Emirates, the world’s biggest airline by international traffic, said it’s studying “ways and means” to accommodate an order for 30 more Airbus SAS A380 superjumbos.
Curfews at destination airports and a lack of space at the carrier’s Dubai base are the main constraints on lifting an existing order for 90 of the world’s biggest passenger planes to 120, President Tim Clark said today in an interview.
Emirates, the biggest A380 customer, has exploited the Gulf’s position at the heart of inter-continental flight paths to build a hub served by waves of departures, stripping traffic away from older network carriers in Europe and Asia. Clark said he’s mulling superjumbo flights to locations including Houston, Los Angeles and San Francisco as in-service enhancements to a model introduced in 2007 bring the cities within range.
“We know what we want to do, we know where we could put more than 90 A380s today,” the executive said by telephone from Dubai. “It’s a question of can we actually fit them in? The economics of Houston are very powerful. That would be an extremely attractive proposition.”
Airbus has boosted the superjumbo’s performance by adding refinements such as a more aerodynamic wing profile. Emirates A380s flying today are already three or four tons lighter than when the carrier took its first planes, and other improvements from the Toulouse, France-based manufacturer are likely once fixes for wing cracks have been fully introduced, Clark said.
Emirates has meanwhile driven efficiencies via measures of its own such as curtailing water usage, Clark said. Only about 60 percent of the water carried on its A380s -- which feature onboard showers -- is actually used, and shrinking the tank could save four tons in weight.
Emirates added 15 destinations last year, including Rio de Janeiro, Buenos Aires, Barcelona and Seattle. The carrier also introduced a fifth daily A380 flight to London on Dec. 10, and has already this year announced extra superjumbo flights to New York John F. Kennedy and Paris Charles de Gaulle airports.
Adding long-haul routes can quickly “gobble up” new planes, Clark said, with a single daily frequency to Houston alone requiring 2.5 aircraft, making additional orders desirable.
While the scope for new destinations is increasing, limited airport opening hours elsewhere and pressure on terminal capacity in Dubai are constraining growth, Clark said.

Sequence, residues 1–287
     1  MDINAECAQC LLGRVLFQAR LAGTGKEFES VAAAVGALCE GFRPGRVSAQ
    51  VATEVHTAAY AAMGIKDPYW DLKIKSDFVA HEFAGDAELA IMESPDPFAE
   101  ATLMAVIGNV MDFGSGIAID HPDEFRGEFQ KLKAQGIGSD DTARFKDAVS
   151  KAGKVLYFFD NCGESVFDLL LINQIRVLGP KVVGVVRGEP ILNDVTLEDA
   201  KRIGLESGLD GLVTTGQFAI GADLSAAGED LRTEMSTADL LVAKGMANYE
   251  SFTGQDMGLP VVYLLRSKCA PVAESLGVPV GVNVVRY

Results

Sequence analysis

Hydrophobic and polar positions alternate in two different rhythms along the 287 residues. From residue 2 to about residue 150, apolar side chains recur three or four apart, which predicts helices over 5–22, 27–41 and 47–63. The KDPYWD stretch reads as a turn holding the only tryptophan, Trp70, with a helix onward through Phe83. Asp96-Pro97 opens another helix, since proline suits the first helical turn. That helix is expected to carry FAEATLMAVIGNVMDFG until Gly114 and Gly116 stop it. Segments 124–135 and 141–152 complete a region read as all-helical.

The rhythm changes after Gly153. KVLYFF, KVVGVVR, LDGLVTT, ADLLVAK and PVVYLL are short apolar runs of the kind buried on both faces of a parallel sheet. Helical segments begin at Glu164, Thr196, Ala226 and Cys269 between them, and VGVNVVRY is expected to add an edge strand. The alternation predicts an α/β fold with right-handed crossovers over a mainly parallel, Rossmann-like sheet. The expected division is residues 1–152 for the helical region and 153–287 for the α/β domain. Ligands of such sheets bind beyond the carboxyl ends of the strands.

The opening on Jan. 2 of the first four of 20 A380-only gates at Dubai International Airport has been factored in to existing fleet plans, and landing slots and airspace over the United Arab Emirates may become scarce as Abu Dhabi-based Etihad Airways PJSC and budget carrier FlyDubai add flights, he said.
“The airspace management around us, that’s proving to be quite complex,” Clark said. “We’ve got many carriers in the U.A.E. growing at quite a pace.”
In the U.S., Emirates has commercial relationships with JetBlue Airways Corp. at Kennedy and Alaska Airlines in Seattle which allow for connecting flights, and Clark said he aims to “push into other points” with the former. Integrated schedules would allow for easier transfers, though the airlines need to be “careful” about antitrust and pricing issues, he said.
Emirates is still seeking a deeper relationship with AMR Corp.’s American Airlines, Clark said, though the U.S. company’s management is focused on discussions about a merger with U.S. Airways Group as it plans to emerge from bankruptcy protection.
“It’s very much in the American Airlines bailiwick at the moment,” he said. “You know, you can take a horse to water, but that’s as far as we’ve gone.”
The two airlines already direct passengers to one another without a code-share arrangement, though he said it would be “very good” to have closer commercial ties, Clark said.
The executive said that Emirates isn’t interested in bidding for a carrier in India following the relaxation of ownership rules there, even as Etihad considers investing in Jet Airways (India) Ltd. or Kingfisher Airlines Ltd.
“It’s a difficult operating environment,” Clark said. “It’s very difficult to get the job done. If the Indians themselves can’t make a go of it, who can? It’s not just operational control, financial control, its human resource, people control.”
India would be more attractive were outside bidders to be “fire-walled” against certain eventualities, as Emirates was when investing in SriLankan Airlines in 1998, Clark said, adding that such a plan would most likely be politically unacceptable.
Emirates also continues to favour tactical partnerships of the kind sealed in September with Qantas Airways Ltd., the biggest Australian airline, over membership of one of the industry’s three global alliances, Clark said. That’s after Qatar Airways Ltd., the second-biggest Gulf carrier, said in October it would join the British Airways-led Oneworld group.
“We’re fairly simplistic in our execution of our business model,” he said. “I’ve lived and breathed this airline since we started. The notion that we should allow others to chart our destiny is anathema to the thinking certainly of me and others.”